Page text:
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Male lions: New study shows how they hunt

Researchers at the Carnegie Institute of Science found that male lions use vegetation on the savanna to ambush their prey.

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A new study shows that male lions use dense vegetation to hunt their prey, while females cooperate together to hunt. (Rodrigo Arangua/AFP/Getty Images)

Male lions are proving to be successful hunters despite beliefs that females do all the work.

Researchers at the Carnegie Institute of Science found that male lions use vegetation on the savanna to ambush their prey, reported ANI.

Male lions also tend to hunt alone, making their surprise strategy necessary.

This differs from female lions which tend to hunt cooperatively, reported Science World Report.

Both tend to hunt at night, said Nature World News.

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The researchers studied a pride of seven lions in South Africa's Kruger National Park.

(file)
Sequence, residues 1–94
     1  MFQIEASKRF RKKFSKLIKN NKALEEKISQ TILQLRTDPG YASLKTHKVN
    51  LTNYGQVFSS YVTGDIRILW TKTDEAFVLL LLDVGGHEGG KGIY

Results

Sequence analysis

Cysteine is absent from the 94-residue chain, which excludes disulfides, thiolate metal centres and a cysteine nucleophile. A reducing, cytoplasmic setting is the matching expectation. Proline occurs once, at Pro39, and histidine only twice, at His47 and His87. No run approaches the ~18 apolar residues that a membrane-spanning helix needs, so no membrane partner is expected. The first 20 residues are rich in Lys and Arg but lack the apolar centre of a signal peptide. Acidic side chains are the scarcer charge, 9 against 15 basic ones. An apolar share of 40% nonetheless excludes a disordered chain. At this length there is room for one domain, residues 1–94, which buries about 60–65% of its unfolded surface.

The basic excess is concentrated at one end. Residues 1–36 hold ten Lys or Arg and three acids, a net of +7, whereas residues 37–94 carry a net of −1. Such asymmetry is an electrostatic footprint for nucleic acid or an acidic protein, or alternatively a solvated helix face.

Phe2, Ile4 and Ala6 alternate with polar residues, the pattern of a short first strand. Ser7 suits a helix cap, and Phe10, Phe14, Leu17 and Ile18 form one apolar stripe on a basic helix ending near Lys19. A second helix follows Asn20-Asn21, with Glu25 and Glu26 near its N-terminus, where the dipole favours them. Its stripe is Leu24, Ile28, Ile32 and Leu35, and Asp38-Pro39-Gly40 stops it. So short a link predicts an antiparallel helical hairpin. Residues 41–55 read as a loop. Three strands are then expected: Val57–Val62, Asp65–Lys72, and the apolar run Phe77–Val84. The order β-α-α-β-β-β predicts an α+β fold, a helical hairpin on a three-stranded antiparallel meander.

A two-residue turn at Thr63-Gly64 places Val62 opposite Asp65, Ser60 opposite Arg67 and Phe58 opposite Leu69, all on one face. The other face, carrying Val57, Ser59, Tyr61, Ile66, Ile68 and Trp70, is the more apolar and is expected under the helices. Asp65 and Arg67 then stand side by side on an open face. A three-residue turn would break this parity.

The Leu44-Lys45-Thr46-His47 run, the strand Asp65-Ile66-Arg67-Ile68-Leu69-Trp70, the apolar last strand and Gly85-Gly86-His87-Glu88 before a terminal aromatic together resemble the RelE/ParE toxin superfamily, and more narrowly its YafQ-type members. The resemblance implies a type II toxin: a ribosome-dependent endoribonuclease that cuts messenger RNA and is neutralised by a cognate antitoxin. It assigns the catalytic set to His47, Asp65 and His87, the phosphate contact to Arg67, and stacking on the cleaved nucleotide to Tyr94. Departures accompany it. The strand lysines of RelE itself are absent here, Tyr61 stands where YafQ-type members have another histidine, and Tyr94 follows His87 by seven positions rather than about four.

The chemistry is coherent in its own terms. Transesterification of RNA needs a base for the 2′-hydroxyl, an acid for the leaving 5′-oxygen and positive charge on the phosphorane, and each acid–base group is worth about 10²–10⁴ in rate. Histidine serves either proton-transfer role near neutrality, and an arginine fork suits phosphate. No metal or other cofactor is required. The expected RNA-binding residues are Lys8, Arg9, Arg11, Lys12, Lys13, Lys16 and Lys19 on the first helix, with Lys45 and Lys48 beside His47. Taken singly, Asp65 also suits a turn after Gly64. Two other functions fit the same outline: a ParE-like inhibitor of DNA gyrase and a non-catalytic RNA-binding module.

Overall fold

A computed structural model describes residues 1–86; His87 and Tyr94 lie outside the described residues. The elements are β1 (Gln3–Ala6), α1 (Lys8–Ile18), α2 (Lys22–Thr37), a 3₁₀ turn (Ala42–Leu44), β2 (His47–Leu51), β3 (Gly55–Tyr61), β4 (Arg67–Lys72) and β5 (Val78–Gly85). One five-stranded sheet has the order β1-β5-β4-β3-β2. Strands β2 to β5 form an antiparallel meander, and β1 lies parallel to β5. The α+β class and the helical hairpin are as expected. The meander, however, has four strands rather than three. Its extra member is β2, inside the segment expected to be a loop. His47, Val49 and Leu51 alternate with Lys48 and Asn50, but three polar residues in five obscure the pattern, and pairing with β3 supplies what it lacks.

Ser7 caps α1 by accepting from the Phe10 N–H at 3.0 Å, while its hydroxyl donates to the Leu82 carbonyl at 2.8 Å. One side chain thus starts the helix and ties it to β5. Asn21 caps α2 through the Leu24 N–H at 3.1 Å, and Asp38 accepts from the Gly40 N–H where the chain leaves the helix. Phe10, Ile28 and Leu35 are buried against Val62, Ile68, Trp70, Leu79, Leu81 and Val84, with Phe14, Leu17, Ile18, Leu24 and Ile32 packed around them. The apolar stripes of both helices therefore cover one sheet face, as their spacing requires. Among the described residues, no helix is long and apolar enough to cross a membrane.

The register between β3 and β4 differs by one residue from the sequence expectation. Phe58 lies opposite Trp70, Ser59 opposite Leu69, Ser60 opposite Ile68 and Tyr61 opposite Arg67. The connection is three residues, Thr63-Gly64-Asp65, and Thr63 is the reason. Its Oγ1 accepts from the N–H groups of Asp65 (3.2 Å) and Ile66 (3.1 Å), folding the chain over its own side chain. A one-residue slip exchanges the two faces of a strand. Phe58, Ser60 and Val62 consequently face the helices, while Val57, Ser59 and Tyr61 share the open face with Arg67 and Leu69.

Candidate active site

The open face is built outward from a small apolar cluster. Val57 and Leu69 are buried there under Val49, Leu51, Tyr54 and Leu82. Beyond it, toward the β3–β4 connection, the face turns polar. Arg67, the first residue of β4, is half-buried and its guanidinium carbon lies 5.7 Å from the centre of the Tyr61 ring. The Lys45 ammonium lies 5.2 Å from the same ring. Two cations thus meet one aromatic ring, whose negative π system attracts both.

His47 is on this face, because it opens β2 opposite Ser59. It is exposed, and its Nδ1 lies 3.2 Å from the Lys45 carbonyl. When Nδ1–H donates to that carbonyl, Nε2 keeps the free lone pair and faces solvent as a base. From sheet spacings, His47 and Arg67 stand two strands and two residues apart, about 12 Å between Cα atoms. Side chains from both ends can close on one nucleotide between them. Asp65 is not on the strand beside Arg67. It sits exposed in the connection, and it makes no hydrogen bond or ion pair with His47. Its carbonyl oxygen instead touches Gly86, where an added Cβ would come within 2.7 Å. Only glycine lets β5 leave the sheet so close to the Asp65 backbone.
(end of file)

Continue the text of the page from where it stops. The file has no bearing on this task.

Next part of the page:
While female lions hunt in the open savanna, males tend to hunt in a place with more brush and other vegetation.

Researchers say that the study shows that vegetation can affect animal life on the savanna.

"By strongly linking male lion hunting behavior to dense vegetation, this study suggests that changes to vegetation structure, such as through fire management, could greatly alter the balance of predators and prey," study author Scott Loarie said, reported UPI.

"With large mammals increasingly confined to protected areas, understanding how to maintain their habitat to best support their natural behavior is a critical conservation priority," he said.

http://www.globalpost.com/dispatch/news/science/130319/male-lions-new-study-shows-how-they-hunt